Landmark Self Expression and Leadership tackles the revitalization of a New Jersey Town
From the Princeton Packet
By: Audrey Levine, Special Writer
The meeting focused on finding ways to better the downtown business district.
JAMESBURG — More than 100 residents attended a meeting at the Grace M. Breckwedel School to talk about how to improve the borough’s downtown.
The March 15 meeting was sponsored by the Jamesburg Revitalization Coalition. Those who attended helped fill out a survey that asked respondents to list possible ways to improve the downtown area.
The coalition, an independent organization of homeowners and business owners in Jamesburg, has joined with three students from the Rutgers Bloustein School of Policy and Planning to begin looking at ways to revitalize the area.
Downtown Jamesburg extends from Buckelew Avenue, and along East and West Railroad avenues, according to Elliot Stroul, president of the coalition.
Mr. Stroul said that the students did research for, and prepared, a visual presentation of the different options for changing downtown Jamesburg in the categories of steets, pedestrians, buildings, signs, parking, open space and mobility.
Some of the proposed options included creating a Main Street with a tree-lined boulevard as a median; creating a sidewalk with outdoor seating from restaurants; building two-story row houses; and using banner-style signs.
Residents in attendance rated the options on a scale of negative 10 to positive 10, based on how appropriate they believed the choices to be for the town.
After the presentation, attendees filled out a written survey that asked about conditions in Jamesburg and what changes might improve the area.
Mr. Stroul said the results, along with those taken at the coalition’s Feb. 17 meeting, will be given to the Rutgers students. He said the students would then draw up a plan of proposed changes to be presented in late April or early May.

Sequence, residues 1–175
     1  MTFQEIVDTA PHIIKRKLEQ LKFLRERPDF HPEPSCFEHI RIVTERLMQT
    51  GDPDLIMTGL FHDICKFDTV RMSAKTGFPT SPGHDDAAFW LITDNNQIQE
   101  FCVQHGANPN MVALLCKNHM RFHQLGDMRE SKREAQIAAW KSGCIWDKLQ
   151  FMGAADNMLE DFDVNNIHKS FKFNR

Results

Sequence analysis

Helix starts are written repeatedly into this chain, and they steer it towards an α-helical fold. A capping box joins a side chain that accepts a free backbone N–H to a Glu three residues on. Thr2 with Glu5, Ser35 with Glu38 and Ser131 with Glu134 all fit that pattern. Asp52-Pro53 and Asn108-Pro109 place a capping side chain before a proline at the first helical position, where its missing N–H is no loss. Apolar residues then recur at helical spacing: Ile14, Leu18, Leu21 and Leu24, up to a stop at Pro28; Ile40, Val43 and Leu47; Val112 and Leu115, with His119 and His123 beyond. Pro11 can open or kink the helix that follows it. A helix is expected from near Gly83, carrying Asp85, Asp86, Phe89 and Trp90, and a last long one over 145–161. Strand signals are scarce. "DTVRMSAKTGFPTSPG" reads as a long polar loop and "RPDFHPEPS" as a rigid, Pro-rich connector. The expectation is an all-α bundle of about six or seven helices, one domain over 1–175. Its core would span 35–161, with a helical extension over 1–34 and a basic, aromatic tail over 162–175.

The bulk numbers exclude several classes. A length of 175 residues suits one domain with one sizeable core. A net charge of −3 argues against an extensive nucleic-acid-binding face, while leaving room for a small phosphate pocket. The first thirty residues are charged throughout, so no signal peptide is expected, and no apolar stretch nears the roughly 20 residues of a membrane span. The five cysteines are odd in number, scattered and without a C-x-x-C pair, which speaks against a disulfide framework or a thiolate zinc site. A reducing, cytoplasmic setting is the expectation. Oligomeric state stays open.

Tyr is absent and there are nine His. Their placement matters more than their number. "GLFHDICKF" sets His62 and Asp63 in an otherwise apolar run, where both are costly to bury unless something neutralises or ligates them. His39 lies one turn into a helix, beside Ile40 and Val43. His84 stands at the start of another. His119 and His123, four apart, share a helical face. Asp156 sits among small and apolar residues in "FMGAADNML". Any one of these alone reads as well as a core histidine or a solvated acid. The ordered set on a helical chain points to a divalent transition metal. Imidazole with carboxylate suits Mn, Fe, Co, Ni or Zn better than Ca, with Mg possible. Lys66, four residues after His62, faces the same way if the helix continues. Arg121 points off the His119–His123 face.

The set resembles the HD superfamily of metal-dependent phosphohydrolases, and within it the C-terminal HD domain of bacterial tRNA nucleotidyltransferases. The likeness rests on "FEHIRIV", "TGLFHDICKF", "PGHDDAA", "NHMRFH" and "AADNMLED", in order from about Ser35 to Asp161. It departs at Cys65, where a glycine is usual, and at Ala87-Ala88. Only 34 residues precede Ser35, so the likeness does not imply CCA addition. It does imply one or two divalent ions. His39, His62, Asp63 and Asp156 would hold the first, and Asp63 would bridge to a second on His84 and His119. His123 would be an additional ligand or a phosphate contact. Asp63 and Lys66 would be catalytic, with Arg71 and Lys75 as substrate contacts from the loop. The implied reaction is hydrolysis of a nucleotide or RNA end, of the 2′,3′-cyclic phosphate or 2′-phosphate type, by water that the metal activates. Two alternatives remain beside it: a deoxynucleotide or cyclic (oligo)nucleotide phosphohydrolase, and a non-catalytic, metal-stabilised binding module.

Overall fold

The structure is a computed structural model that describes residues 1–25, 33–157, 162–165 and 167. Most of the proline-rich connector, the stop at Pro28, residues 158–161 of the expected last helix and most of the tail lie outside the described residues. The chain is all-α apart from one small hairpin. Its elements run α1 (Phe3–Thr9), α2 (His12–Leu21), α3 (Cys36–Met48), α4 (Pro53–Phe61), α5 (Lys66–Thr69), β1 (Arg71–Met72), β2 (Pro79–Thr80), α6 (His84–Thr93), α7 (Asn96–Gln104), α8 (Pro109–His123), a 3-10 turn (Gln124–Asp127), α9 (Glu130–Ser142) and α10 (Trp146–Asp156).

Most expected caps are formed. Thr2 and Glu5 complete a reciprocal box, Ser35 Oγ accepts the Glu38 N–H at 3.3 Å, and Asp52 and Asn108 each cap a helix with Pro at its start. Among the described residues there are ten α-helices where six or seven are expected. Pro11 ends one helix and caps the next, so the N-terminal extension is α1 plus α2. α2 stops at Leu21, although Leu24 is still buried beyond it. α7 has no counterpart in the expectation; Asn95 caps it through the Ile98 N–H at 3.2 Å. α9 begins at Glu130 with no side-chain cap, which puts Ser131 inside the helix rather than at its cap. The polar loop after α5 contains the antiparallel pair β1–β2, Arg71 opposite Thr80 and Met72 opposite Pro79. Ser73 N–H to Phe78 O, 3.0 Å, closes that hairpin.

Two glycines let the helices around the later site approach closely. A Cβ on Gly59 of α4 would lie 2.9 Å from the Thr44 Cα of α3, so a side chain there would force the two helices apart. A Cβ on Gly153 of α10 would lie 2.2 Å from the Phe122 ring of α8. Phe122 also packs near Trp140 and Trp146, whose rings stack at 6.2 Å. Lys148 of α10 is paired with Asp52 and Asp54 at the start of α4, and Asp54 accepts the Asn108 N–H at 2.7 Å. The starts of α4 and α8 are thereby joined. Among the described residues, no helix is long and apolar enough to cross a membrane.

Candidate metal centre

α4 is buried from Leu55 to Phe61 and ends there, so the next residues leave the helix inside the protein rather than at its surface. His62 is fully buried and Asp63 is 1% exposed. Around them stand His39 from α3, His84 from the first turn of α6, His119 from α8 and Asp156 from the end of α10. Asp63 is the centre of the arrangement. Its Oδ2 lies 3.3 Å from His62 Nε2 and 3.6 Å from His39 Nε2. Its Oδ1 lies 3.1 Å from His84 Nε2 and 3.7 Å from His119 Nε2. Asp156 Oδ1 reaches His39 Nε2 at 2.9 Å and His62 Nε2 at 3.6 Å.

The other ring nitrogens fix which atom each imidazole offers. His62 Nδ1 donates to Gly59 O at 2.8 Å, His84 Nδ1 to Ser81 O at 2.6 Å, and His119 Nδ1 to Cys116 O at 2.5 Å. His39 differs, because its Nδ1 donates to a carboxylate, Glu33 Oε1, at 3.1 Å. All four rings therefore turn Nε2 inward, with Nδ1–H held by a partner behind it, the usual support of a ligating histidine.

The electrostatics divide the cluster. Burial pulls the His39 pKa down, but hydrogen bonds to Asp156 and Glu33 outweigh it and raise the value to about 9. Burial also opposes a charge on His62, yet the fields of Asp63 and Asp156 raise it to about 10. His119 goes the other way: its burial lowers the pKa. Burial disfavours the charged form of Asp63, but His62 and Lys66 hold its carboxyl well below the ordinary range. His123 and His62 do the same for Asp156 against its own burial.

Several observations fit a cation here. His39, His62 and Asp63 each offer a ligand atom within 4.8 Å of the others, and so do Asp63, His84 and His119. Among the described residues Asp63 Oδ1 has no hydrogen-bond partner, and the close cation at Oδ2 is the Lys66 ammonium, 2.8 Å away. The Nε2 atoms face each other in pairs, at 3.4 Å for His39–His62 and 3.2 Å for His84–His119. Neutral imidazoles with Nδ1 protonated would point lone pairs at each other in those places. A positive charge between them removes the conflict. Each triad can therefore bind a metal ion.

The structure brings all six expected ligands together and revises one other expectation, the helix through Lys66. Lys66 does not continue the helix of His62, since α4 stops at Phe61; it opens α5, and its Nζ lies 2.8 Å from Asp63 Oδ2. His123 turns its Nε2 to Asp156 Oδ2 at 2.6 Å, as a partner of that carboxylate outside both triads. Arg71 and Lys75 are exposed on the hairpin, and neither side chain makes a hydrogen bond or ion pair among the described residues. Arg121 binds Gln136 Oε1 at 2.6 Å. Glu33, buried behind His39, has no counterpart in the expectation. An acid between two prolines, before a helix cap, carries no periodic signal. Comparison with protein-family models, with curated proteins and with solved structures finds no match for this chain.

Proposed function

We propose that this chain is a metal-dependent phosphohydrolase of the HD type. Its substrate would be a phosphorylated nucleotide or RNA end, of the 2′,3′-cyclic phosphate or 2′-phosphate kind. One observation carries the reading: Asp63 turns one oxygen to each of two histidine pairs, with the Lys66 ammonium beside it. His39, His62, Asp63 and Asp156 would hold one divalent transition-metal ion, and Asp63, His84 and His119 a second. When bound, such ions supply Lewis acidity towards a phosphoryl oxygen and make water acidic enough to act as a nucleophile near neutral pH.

“We will then review it with the Land Use Board and the Township Council,” Mr. Stroul said. “We will prioritize what projects need to be done and try to get the money from Middlesex County.”
According to Teddy Ehmann, secretary of the coalition and owner of Family Framers, the coalition wants to involve the community in planning any changes.
He said he began work on the renovation project, dubbed “I Love Jamesburg,” after taking a leadership course with Landmark Education, which works with people who are looking to make a difference in their communities.
“This project is to benefit the community,” he said.
Many of the residents in attendance said they were glad to have some input in the possible changes for downtown Jamesburg.
“I am interested in the future of Jamesburg,” said resident Dan Dobromilsky. “They asked very good questions and these are the types of things we need to analyze to have the best future for Jamesburg.”
Resident Gail Somers also said she wants to be involved in what is going to happen.
“I want to see it move in the right direction,” she said.